Gelatin makes intensive exercise even more effective against bone loss
If you want to make your bones stronger, exercise. The more intensive the better. Strength training is fine, and so are plyometrics or running. And if you're a perfectionist, take a portion of gelatin an hour before your sessions. We found this suggestion in a human study that Australian sports scientists published in the American Journal of Clinical Nutrition in 2017.
Exercise, collagen & bones
Strong bones have strong collagen, and it is mainly through the stimulation of the production of collagen that keeps bones strong. The researchers wanted to know whether supplementation with gelatin, which is made from the collagen from the bones of cows and pigs, increases the effect of intensive physical activity on the body's production of collagen.
Both collagen in bones and gelatin consists of the amino acids glycine, proline and hydroxylproline.
The researchers had 8 healthy male students on a multiple occasions rope skipping for 6 minutes, three times a day, three days in a row. This kind of physical activity has been proven to stimulate the production of collagen in the bones.
On one occasion the men drank a placebo one hour before they exercised. The other time they were given a drink with 5 grams of gelatin, another time they drank 15 grams of gelatin. Each time 48 milligrams of vitamin C were added to the gelatin.
Rope skipping increased the concentration of the protein amino-terminal propeptide or collagen I [PINP] in the blood. This indicates that the body has increased its collagen manufacture. Supplementation with the high dose of gelatin augmented the increase.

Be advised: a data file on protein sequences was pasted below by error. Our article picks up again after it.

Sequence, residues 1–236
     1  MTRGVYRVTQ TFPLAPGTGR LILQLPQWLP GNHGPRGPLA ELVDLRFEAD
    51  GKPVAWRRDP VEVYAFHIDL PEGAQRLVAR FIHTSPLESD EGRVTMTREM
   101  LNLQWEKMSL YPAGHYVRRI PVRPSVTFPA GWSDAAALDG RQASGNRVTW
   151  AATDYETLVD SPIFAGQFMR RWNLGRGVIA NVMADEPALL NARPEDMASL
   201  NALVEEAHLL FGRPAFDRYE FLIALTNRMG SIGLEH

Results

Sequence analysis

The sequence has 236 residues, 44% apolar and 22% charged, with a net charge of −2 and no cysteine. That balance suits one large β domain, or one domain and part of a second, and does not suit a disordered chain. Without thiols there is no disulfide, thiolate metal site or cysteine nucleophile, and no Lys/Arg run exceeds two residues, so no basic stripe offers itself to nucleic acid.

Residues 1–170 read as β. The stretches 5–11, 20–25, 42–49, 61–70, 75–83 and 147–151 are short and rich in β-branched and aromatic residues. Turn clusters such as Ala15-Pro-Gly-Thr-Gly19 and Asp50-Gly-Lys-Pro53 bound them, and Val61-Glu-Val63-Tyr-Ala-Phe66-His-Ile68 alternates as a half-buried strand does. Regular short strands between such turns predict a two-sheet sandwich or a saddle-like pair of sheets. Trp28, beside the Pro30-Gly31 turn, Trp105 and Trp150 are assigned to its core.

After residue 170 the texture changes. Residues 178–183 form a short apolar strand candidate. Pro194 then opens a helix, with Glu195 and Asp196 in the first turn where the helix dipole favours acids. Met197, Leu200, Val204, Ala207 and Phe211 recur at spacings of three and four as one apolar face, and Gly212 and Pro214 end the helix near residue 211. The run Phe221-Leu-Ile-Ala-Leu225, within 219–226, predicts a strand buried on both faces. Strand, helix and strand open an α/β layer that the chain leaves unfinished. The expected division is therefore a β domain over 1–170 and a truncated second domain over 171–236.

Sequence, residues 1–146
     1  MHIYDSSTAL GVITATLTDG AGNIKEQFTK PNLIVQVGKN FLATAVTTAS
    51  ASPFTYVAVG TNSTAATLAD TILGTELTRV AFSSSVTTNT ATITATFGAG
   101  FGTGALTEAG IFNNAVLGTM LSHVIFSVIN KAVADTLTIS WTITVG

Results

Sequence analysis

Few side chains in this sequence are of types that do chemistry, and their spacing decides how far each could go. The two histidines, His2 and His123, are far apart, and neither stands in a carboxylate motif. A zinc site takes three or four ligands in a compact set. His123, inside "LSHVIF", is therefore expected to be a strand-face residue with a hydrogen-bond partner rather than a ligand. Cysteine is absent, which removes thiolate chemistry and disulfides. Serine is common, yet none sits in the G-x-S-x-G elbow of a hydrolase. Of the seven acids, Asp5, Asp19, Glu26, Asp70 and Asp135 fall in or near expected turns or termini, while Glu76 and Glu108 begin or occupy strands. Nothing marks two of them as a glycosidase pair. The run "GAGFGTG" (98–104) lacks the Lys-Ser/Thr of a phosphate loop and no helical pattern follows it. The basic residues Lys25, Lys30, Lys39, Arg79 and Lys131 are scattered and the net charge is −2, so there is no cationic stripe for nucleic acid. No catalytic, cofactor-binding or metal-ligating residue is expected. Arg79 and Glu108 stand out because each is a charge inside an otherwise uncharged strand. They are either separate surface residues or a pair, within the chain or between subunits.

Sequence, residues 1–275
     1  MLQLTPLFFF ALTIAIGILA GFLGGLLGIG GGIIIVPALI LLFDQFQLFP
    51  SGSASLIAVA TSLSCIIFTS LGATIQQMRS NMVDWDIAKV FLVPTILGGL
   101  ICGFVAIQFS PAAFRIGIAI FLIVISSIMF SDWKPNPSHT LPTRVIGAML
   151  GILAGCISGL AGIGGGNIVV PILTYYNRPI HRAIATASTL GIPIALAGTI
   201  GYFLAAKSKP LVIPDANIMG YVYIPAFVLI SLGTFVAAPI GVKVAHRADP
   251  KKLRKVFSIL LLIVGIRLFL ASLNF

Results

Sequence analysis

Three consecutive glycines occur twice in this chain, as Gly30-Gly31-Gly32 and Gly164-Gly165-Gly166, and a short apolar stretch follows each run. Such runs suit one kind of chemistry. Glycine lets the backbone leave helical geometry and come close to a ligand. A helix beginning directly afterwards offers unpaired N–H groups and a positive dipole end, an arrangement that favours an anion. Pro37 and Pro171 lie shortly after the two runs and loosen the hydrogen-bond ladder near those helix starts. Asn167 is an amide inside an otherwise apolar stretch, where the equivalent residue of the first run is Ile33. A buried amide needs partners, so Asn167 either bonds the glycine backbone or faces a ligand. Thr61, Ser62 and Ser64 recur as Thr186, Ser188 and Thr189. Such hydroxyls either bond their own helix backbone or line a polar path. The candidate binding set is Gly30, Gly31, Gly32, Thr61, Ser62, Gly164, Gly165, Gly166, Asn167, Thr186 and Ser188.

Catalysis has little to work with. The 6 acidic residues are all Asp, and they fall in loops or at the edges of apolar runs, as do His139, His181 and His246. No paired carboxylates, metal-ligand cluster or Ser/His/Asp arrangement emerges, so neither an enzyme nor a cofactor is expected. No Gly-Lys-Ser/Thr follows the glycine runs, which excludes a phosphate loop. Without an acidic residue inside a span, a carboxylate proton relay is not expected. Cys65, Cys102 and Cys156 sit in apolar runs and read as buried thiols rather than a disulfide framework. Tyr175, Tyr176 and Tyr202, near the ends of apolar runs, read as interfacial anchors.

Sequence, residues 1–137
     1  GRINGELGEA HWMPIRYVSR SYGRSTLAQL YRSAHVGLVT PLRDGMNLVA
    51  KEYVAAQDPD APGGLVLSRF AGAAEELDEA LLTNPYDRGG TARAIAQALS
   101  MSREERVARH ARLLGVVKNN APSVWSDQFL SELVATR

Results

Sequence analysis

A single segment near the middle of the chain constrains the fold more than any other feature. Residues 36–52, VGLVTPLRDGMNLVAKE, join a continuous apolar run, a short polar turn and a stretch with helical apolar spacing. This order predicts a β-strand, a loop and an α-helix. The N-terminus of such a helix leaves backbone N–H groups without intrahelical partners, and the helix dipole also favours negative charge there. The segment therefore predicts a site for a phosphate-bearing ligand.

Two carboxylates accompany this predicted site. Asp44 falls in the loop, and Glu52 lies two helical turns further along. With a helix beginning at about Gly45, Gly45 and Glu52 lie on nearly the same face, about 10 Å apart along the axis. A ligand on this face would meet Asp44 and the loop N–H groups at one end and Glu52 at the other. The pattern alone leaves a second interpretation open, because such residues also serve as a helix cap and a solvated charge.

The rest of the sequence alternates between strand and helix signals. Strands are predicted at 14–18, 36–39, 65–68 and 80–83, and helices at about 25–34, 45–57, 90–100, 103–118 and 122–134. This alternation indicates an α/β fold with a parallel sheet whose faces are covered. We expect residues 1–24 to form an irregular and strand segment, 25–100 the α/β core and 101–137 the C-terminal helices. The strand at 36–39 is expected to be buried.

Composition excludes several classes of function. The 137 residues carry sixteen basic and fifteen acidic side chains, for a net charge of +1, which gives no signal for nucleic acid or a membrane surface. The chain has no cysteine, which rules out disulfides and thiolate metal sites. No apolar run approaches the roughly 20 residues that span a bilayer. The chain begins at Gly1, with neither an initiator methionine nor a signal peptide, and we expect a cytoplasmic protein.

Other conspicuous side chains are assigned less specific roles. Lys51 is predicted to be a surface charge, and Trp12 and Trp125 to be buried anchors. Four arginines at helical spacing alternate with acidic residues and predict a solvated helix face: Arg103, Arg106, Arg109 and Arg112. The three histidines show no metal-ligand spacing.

"The current data strongly support the hypothesis that starting an exercise bout 1 h after consuming 15 g gelatin results in greater collagen synthesis in the recovery period after exercise", the Australians wrote. "This is most evident in comparing the PINP concentrations 4 h after exercise in the placebo and 15-g gelatin groups."
"The data clearly show that gelatin supported collagen synthesis after exercise. Although exercise is known to increase collagen synthesis and the production of PINP in tendons, it is highly unlikely that the increase in PINP in the blood is due to collagen synthesis in tendon, ligaments, or cartilage. Instead, PINP in the blood is generally used as a marker of bone metabolism because of its higher turnover rate."
In summary, this report demonstrates, for the first time to our knowledge, that supplementation with gelatin in humans augments collagen synthesis after exercise. The accelerated rate of collagen synthesis was observed as early as 4 h after the first bout (5 h after gelatin supplementation) and was maintained over the 72 h of the study."
"These data suggest that adding gelatin and vitamin C to an intermittent exercise program could play a beneficial role in injury prevention and tissue repair."
Am J Clin Nutr 2017;105:136-43.
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